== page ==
It still requires 512 PCB traces; and AFAIK cramming them in is the expensive part because you have have more GPU pins, more EMI/cross talk, and need more PCB layers to fit the extra traces and wrap everything in grounds to suppress the EMI.

For narrower bus widths halving the number of packages would let them keep all the ram on the same side for cooling while being able to put it all closer to the GPU for shorter trace lengths. If anything I suspect this will be the part most attractive to NVidia and AMD.
 

Armenius

Extremely [H]
Joined
Jan 28, 2014
Messages
35,357
If I'm understanding correctly what Samsung's effectively done is to allow making a 512bit card while using the PCB space of only a 256bit one by halving the number of packages needed. As preposterously huge as NVIdia's current generation of cards are saving PCB space itself is probably not a major concern.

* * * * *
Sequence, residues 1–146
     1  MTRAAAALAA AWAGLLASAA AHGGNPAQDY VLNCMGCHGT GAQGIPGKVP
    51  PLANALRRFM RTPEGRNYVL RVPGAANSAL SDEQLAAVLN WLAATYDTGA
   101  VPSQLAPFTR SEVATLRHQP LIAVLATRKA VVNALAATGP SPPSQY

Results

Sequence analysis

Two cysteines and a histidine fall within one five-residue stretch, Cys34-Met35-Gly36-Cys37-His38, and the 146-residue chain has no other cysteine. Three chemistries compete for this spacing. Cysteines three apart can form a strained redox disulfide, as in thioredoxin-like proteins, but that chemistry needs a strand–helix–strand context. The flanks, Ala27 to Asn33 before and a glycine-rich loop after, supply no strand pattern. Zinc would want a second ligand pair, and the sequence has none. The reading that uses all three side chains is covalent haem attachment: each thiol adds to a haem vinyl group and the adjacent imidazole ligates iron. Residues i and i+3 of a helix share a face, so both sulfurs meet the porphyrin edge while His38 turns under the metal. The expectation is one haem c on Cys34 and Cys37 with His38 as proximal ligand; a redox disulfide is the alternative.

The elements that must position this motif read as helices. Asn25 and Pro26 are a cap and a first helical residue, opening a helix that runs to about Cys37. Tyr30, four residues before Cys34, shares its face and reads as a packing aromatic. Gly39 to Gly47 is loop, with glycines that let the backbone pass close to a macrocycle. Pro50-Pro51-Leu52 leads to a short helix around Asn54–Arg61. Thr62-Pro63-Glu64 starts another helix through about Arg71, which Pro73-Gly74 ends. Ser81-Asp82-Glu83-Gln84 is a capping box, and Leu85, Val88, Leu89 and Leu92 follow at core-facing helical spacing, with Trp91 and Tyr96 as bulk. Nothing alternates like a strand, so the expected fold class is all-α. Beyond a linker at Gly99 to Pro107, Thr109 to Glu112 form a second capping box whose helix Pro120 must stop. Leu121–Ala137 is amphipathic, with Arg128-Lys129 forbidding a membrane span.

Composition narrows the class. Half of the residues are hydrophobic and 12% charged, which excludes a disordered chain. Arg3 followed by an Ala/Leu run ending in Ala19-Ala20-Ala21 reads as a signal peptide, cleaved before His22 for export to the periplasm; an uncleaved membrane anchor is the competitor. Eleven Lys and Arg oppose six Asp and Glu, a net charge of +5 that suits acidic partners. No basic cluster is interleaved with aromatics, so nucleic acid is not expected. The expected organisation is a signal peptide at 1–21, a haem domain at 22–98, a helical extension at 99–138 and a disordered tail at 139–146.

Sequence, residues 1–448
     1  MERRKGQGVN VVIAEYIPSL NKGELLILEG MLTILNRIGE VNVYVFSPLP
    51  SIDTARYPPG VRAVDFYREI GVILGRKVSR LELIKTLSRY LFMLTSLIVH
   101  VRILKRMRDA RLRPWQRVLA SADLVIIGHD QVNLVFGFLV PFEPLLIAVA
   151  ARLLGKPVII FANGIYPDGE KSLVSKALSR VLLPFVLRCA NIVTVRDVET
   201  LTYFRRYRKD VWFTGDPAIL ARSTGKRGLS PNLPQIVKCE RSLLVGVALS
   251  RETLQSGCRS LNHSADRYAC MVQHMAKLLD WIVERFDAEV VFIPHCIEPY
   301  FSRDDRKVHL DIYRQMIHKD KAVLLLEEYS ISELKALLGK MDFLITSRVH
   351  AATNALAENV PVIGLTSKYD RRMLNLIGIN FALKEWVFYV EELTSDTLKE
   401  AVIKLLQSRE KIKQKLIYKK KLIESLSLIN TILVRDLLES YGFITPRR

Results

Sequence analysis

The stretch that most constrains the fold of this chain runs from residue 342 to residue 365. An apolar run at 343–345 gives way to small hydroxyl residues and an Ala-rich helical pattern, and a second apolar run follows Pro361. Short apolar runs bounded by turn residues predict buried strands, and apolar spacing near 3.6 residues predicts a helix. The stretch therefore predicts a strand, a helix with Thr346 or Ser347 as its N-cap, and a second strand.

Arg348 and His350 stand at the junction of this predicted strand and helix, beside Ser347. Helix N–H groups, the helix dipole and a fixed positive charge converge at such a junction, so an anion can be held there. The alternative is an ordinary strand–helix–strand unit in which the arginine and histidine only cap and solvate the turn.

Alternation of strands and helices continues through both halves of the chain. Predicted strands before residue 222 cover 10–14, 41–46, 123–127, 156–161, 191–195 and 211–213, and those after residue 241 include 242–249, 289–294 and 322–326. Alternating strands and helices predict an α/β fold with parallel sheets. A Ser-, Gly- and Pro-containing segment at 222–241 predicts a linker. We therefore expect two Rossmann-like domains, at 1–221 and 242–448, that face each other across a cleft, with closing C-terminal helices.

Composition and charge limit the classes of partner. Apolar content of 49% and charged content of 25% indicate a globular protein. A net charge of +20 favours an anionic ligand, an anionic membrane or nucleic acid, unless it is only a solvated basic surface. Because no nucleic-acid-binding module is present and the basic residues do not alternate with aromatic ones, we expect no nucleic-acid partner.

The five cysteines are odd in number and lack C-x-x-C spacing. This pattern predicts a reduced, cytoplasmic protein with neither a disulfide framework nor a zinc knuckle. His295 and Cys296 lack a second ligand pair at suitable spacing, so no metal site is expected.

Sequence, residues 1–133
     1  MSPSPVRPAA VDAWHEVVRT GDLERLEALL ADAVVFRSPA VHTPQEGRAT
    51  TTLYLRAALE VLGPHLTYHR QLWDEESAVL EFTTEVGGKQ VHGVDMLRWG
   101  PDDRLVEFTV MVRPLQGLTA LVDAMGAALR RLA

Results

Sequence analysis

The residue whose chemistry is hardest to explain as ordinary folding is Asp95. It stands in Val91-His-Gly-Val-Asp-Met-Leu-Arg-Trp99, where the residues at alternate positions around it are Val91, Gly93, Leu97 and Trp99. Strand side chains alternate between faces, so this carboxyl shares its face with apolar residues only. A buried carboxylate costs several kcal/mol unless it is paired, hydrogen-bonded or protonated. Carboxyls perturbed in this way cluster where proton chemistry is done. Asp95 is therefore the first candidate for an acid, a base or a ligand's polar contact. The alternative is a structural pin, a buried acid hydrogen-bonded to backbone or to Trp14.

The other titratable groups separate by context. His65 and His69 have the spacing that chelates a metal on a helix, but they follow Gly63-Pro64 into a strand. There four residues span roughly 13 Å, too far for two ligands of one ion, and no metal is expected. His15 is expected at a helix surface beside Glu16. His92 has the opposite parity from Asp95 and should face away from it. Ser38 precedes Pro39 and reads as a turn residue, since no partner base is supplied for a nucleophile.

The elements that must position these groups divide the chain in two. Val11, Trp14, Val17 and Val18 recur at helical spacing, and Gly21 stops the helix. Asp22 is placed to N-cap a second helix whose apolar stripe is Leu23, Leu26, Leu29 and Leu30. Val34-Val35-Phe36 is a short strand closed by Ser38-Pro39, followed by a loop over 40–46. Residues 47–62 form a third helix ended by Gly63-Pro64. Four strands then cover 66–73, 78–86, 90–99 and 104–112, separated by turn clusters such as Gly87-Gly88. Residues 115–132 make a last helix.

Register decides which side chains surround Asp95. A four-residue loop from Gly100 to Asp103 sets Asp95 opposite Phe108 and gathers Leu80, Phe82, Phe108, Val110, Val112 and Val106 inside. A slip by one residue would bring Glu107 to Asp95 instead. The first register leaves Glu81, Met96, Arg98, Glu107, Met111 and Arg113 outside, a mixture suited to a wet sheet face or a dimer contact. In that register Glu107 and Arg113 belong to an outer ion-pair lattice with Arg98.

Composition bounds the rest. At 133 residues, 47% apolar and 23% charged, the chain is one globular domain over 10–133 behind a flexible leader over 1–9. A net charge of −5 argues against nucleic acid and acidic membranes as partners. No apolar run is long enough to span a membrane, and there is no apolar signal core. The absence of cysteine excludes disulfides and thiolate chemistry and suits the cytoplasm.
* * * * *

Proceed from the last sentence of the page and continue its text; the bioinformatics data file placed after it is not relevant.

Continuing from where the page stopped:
It still requires 512 PCB traces; and AFAIK cramming them in is the expensive part because you have have more GPU pins, more EMI/cross talk, and need more PCB layers to fit the extra traces and wrap everything in grounds to suppress the EMI.

For narrower bus widths halving the number of packages would let them keep all the ram on the same side for cooling while being able to put it all closer to the GPU for shorter trace lengths. If anything I suspect this will be the part most attractive to NVidia and AMD.
Ampere and Lovelace PCBs are smaller than Turing and earlier boards. 2080 Ti on top, 4090 on bottom:
1669995015321.png


Regardless, you want as little physical distance as possible between the memory packages and the GPU, so board size would not even matter.
 
Top